Council pushes Development Victoria to reveal community funds
By David Schout
A developer’s funding pool for Docklands community projects will be revealed within the next six months should the City of Melbourne get its way.
Facilities such as The Hub and projects identified through the soon-to-be released Docklands Activation Strategy are set for a cash injection that is said to be a “positive outcome for residents”.
As part of the Two Melbourne Quarter development near Southern Cross Station, developer Lendlease was required to provide almost 1000sqm of community space via an agreement with Development Victoria (DV).
However, opting against this, Lendlease instead provided a cash-equivalent contribution that is due to be spent on other local community projects.
DV, a state government agency, has confirmed it will consult with the council before allocating funds to community projects, but is yet to reveal the figure.
When contacted by Docklands News, DV did not say when it would reveal the figure to council, nor why it had yet to do so.
“This is an opportunity to look at what community facilities or projects are needed elsewhere in Docklands and we look forward to continuing work with council to deliver a great outcome,” group head Geoff Ward said.
At a February 16 Future Melbourne Committee (FMC) meeting, councillors urged DV to reveal the figure within the next six months so it could better grasp the funding pipeline for the local area.
Council planning chair Cr Nicholas Reece said being kept in the dark on the value was far from ideal.
“I’ve got to say, as a councillor and someone who sees themselves as a custodian of the city, there are a number of aspects to this arrangement that I do find challenging,” he said.
“Sitting here tonight, we don’t actually know the value of the community infrastructure commitment which is being made by Lendlease.”
While the council does not know the value of the commitment, it does have a seat at the table to determine which community facilities or areas are in most need of a cash injection.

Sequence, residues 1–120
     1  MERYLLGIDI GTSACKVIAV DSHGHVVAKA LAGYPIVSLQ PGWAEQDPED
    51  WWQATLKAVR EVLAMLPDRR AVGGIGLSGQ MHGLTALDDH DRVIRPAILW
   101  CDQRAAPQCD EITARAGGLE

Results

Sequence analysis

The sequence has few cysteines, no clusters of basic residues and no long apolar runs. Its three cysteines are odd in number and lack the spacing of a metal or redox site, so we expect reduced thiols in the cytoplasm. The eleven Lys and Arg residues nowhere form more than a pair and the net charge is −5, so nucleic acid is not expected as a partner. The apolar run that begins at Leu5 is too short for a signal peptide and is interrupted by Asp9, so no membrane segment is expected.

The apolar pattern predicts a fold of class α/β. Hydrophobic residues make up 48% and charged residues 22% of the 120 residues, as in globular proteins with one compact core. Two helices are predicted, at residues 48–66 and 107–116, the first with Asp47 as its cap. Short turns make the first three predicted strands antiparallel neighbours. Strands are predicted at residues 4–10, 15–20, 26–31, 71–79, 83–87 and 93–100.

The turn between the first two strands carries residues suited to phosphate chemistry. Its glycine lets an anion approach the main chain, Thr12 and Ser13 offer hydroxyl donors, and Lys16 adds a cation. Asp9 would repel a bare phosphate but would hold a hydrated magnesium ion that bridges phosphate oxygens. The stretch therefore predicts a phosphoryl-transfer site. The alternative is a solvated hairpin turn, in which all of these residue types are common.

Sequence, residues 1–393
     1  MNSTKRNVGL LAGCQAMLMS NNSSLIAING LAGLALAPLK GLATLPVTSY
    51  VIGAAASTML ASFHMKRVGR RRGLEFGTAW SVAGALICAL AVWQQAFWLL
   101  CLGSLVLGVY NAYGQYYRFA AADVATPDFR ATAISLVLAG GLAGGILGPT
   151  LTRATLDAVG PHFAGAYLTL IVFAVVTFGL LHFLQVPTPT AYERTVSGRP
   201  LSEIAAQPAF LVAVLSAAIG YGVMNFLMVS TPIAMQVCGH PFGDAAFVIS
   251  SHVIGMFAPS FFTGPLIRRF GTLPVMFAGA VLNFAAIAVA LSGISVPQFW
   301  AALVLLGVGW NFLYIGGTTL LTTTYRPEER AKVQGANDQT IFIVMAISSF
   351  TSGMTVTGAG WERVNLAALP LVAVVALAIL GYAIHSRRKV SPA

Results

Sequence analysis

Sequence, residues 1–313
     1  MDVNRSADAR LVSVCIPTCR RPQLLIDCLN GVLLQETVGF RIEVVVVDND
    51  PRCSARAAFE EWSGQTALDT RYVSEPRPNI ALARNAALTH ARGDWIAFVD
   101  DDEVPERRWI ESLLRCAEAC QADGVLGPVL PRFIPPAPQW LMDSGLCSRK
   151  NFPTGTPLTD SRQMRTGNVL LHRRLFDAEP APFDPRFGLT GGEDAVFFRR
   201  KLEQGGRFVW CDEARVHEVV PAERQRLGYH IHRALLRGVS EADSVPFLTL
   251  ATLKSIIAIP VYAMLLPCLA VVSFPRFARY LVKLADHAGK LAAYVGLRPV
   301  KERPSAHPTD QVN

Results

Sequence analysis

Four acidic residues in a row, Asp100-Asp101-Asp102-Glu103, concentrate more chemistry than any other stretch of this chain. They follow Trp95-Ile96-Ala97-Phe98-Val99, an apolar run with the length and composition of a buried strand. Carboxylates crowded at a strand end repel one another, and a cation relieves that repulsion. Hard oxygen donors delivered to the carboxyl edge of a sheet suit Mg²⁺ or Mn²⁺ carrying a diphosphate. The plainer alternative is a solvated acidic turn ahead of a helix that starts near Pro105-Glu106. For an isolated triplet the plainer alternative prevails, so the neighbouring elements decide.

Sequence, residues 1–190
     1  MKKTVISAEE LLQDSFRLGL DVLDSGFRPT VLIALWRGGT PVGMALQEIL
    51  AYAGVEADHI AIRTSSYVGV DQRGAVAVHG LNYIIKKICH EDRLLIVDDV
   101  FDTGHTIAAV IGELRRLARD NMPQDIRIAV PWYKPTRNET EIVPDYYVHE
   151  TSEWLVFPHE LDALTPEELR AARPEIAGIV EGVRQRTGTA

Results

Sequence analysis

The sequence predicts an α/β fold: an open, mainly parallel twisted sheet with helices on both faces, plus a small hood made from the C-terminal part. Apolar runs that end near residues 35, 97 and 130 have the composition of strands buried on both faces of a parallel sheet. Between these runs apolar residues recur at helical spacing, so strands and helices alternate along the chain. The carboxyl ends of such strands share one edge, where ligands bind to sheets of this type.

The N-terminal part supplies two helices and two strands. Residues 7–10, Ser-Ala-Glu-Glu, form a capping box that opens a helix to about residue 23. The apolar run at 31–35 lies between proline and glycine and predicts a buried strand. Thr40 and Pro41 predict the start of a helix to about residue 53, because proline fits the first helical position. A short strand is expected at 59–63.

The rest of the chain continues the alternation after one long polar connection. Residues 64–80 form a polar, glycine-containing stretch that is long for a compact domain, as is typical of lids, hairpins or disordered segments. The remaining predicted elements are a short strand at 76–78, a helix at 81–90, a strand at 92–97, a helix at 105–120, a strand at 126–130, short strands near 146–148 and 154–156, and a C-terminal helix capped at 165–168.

“That is still a far from perfect arrangement, but nonetheless it means that as councillors we can take comfort that Lendlease aren’t walking away from the commitment they’ve made to make a contribution to community infrastructure here in Docklands, but … the arrangement doesn’t have the level of transparency we would ordinarily look for,” Cr Reece said.
Cr Reece stressed that the frustration was not with the developer, but rather the governance around available funds.
According to council documents, an email from DV on January 29 indicated where the funds could be allocated.
“DV and CoM have agreed to work together to spend these funds on appropriate community projects in Docklands – with the [email protected] and projects identified through the Docklands Activation Strategy agreed as good starting points,” it read.
“To this end, it is DV’s intention to establish a DV/CoM project working group to map out a suitable process and coordinate activities.”
Deputy planning chair Rohan Leppert said the fact that the council had no oversight of upcoming funding was “absolutely no way to plan for future populations”.
“I think pushing DV a little further to disclose what they can to the City of Melbourne as a planning authority and as a service provider is so important,” he said.
“We’ve just got to have some way of looking into the future and understanding how and where these contributions will cater for a growing and important population in Docklands.”
Cr Jamal Hakim, a Docklands resident, said the importance of the funds was heightened in a post-COVID community.
“Docklands has so much that needs to be done to activate community spaces,” he said.
“I urge DV to also consider that Docklands is one of the worst affected areas from COVID, and I hope that the delivery of these spaces to support the community will grow and make a more welcoming space for visitors and the community.” •